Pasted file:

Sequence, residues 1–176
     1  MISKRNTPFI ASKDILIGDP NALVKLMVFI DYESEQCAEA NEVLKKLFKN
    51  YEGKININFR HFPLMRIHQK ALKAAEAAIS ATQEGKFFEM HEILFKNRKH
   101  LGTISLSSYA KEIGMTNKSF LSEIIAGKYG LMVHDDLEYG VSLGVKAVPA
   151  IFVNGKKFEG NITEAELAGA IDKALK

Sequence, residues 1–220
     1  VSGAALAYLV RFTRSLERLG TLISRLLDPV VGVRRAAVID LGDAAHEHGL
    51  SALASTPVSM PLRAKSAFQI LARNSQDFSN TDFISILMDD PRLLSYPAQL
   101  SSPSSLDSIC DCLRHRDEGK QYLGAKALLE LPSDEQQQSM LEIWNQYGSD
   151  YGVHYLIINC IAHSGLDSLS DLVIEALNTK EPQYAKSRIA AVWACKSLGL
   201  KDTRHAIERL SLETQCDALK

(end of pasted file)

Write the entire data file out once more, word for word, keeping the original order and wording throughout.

Sequence, residues 1–176
     1  MISKRNTPFI ASKDILIGDP NALVKLMVFI DYESEQCAEA NEVLKKLFKN
    51  YEGKININFR HFPLMRIHQK ALKAAEAAIS ATQEGKFFEM HEILFKNRKH
   101  LGTISLSSYA KEIGMTNKSF LSEIIAGKYG LMVHDDLEYG VSLGVKAVPA
   151  IFVNGKKFEG NITEAELAGA IDKALK

Sequence, residues 1–220
     1  VSGAALAYLV RFTRSLERLG TLISRLLDPV VGVRRAAVID LGDAAHEHGL
    51  SALASTPVSM PLRAKSAFQI LARNSQDFSN TDFISILMDD PRLLSYPAQL
   101  SSPSSLDSIC DCLRHRDEGK QYLGAKALLE LPSDEQQQSM LEIWNQYGSD
   151  YGVHYLIINC IAHSGLDSLS DLVIEALNTK EPQYAKSRIA AVWACKSLGL
   201  KDTRHAIERL SLETQCDALK